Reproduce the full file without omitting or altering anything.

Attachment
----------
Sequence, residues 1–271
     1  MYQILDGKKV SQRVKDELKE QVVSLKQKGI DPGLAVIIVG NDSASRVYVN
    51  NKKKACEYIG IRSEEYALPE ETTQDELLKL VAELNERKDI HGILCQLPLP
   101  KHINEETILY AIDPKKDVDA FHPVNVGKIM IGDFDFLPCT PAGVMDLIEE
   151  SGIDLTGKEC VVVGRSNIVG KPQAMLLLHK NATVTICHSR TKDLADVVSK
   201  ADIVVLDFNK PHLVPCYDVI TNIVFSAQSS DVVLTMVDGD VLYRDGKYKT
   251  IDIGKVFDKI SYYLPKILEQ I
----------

Sequence, residues 1–271
     1  MYQILDGKKV SQRVKDELKE QVVSLKQKGI DPGLAVIIVG NDSASRVYVN
    51  NKKKACEYIG IRSEEYALPE ETTQDELLKL VAELNERKDI HGILCQLPLP
   101  KHINEETILY AIDPKKDVDA FHPVNVGKIM IGDFDFLPCT PAGVMDLIEE
   151  SGIDLTGKEC VVVGRSNIVG KPQAMLLLHK NATVTICHSR TKDLADVVSK
   201  ADIVVLDFNK PHLVPCYDVI TNIVFSAQSS DVVLTMVDGD VLYRDGKYKT
   251  IDIGKVFDKI SYYLPKILEQ I